November 24, 2004

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Some contend that China's economic progress will undermine the Communist Party's grip on power. The WaPo has a story titled China's lost generation coddles its young that explains why it won't happen anytime soon:

As a growing economy produces new wealth and a spreading middle class in China, the epochal Cultural Revolution has receded to the distant past in just one generation. The millions of urban youths who were forced to abandon their books and live their teenage years with peasants have grown into indulgent middle-aged parents, eager to spare their children not only the deprivation, but even the knowledge of what happened during those tumultuous years...

Partly out of embarrassment that they played a role in a discredited political experiment, parents from what has been called the Lost Generation have turned their offspring into the Coddled Generation. In the process, whatever lessons were to be learned from the political madness that seized China then have largely been lost on today's students, who have grown up taking stability and economic well-being for granted.

The Lost Generation's eagerness to forget the bitter past and concentrate on China's material achievements helps explain why the ruling Communist Party retains its monopoly on power. Parents are focused on bettering their children's lives and their children are living in a time of loosened controls and economic progress. (my emphasis)

The trauma of Mao's chaos has caused those touched by it to only crave stability. Ironically it is the same Communist Party that now strives to provide it. Combined with rapid gains in living standards the older "Lost" generation are content to enjoy relative normality while the younger "coddled" generation are too busy enjoy their materialism to worry about who runs the country. Like politics everywhere, so long as the CCP stay out of people's way as they make a living most won't care who rules them. It's only when personal livelihood and standard of living is threatened the leadership needs to worry.

posted by Simon on 11.24.04 at 01:33 PM in the


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Simon's China and East Asia Briefing: 30th Nov 2004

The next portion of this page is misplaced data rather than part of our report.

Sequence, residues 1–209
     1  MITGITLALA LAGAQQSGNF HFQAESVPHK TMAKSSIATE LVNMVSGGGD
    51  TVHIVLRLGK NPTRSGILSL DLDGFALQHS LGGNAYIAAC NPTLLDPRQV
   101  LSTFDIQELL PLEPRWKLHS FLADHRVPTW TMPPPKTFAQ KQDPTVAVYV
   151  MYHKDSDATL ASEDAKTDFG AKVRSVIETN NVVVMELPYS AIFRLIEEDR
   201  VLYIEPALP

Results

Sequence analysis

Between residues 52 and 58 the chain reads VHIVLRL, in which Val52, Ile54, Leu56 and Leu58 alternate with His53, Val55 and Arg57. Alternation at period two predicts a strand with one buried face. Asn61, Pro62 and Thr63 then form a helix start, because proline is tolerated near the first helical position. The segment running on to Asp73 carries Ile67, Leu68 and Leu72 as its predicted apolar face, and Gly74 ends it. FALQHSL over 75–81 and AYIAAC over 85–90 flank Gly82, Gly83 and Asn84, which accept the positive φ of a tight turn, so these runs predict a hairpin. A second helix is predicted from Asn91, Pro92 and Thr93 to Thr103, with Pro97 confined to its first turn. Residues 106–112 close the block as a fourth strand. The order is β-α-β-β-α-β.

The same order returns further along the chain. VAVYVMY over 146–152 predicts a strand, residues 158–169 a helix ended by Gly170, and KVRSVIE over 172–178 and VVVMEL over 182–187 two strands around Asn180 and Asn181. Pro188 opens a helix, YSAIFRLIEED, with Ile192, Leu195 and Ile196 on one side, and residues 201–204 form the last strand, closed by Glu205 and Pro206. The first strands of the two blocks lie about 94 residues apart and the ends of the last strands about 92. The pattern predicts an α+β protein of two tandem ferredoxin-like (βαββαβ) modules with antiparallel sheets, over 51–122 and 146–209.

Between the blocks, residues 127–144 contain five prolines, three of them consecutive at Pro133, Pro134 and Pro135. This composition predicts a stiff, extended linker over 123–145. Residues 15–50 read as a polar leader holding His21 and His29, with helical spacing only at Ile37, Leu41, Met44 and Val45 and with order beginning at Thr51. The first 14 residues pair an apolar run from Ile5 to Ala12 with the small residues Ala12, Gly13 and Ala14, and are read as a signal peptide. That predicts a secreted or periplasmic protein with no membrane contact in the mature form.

Excerpt: The following is a digest of highlights from the past month's Asia by Blog series over at The round-up has four key areas of focus: China, Taiwan & Hong Kong (Politics, Economy & lifestyle, History sport & culture, Information), Korea...
Weblog: Winds of Change.NET
Tracked: November 30, 2004 01:53 PM


Hi, Simon. It's possible that what chinese people consider "enough" at the present time won't be "enough" some day in the future... For example "enough" in January 1989 meant something different than in June 1989.
And the concept of "stay out of people's way" isn't so obvious when we're talking about China and CCP.



posted by: 1972 on 11.24.04 at 10:48 PM [permalink]

The term I hear alot is "Xiao Huangdi" (Little Emperors), and most of them are spoiled enough to truly be such.

posted by: Nathan on 11.25.04 at 09:01 AM [permalink]

Enzo you are right that concepts of "enough" can change, but China is still in the early stages of its economic development. Standards of living have a way to rise yet, so enough is tied crucially to economic wellbeing. People are only going to be interested in politics if it interferes with that or once they are wealthy enough to afford that luxury. For the huge majority of China that day is a long way off.

posted by: Simon on 11.25.04 at 11:47 AM [permalink]

why - if for us democracy is a need - for chinese people should be a "luxury"?



posted by: 1972 on 11.25.04 at 08:16 PM [permalink]

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